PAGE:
Even if such issues are not considered, integrated NMPs are preferable for their reliability. Established companies such as Lucent and Cisco have created effective, high-quality software, and can be trusted to release products that will not include egregious exploits and will not covertly pass on sensitive company information. The same cannot necessarily be said for free utilities that are maintained by a small group of individuals releasing unfinished builds. Furthermore, these NMPs come with user support and comprehensive documentation; the inexperienced network administrator can be assisted through carefully reading product notes, or directly contacting dedicated support personnel of the vendor. A more accurate adage concerning NPM would be that one gets what one pays for; for NMPs, although costs will be high, quality will be assured.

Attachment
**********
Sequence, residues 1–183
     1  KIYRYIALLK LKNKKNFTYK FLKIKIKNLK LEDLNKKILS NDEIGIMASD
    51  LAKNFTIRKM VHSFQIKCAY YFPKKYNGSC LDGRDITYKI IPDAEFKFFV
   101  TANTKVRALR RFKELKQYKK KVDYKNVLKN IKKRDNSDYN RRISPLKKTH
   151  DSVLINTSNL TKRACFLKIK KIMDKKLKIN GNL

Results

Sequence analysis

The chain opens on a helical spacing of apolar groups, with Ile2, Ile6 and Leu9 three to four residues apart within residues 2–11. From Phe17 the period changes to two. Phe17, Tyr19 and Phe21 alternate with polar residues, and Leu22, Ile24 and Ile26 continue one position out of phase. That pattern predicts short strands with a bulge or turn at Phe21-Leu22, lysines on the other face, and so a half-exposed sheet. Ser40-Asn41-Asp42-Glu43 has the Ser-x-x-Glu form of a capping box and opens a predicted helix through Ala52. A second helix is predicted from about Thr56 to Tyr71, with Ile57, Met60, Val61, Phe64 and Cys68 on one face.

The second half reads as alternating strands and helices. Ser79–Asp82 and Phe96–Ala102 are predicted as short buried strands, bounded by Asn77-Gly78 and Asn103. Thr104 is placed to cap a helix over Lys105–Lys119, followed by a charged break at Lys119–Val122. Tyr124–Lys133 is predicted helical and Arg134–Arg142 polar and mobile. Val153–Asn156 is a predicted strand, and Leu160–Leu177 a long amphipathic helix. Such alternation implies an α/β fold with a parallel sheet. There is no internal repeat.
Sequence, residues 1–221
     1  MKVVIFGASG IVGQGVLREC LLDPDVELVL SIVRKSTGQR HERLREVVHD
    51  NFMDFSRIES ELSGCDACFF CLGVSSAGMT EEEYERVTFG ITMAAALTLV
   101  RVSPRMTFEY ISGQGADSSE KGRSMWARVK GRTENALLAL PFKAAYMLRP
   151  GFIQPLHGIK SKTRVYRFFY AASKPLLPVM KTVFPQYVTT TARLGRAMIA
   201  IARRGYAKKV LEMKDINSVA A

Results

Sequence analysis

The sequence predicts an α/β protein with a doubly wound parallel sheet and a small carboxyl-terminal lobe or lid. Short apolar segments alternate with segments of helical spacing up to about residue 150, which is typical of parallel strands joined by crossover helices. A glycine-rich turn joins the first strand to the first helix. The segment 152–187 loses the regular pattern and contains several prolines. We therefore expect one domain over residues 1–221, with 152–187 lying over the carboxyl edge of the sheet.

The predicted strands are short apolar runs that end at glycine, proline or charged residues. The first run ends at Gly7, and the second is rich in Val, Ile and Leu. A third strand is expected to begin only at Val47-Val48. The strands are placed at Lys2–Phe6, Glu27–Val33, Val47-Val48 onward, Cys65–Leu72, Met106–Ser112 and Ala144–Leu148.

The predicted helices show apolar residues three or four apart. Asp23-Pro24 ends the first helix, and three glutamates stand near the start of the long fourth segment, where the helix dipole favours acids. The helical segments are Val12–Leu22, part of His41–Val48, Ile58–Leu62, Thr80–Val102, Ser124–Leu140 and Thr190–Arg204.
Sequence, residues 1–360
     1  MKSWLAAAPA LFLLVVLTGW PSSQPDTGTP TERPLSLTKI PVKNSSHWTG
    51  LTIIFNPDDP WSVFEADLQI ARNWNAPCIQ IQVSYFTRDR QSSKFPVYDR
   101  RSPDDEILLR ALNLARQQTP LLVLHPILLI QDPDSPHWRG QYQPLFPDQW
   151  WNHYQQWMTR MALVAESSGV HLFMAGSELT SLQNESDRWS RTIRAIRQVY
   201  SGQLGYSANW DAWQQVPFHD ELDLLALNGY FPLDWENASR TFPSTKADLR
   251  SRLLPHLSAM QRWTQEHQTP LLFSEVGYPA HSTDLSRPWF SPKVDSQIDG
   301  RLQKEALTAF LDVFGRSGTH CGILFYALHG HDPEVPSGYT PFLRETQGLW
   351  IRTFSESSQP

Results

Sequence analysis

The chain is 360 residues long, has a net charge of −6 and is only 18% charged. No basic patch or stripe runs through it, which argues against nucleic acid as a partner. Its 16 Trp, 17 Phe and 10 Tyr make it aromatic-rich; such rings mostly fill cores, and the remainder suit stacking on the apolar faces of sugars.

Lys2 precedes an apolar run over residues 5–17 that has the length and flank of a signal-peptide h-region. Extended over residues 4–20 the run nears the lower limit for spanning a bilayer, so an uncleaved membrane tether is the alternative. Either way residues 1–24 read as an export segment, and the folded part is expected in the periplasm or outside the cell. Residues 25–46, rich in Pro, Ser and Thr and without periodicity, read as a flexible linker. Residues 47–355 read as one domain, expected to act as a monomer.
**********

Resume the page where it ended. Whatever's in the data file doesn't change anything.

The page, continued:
The first commercial NMP examined is VitalSuite [VitalSuite] by Lucent Technologies. VitalSuite is designed to handle monitoring of up to hundreds of different devices in an automated manner. In fact, up to ten million total objects can be monitored at a time. Dynamic charts and statistics are constantly updated in order to find network congestion and failures before they significantly impact the company. VitalSuite improves data collection through efficient importation of device information; consequently, hardware elements can be identified by more than just a generic title. A variety of configurations are supported, as well as the latest protocols, enhancing flexibility. Additionally, system requirements are not excessively prohibitive; any Windows 2000 or newer operating system is supported, as well as Sun Solaris platforms. One issue, however, is that Lucent's site is undergoing renovation as of the time of this paper, causing some links to be missing their targets, including some relevant VitalSuite documentation. The price for this NMP is also left somewhat unclear; administrators desiring further information on VitalSuite would be advised to contact Lucent directly concerning the product status.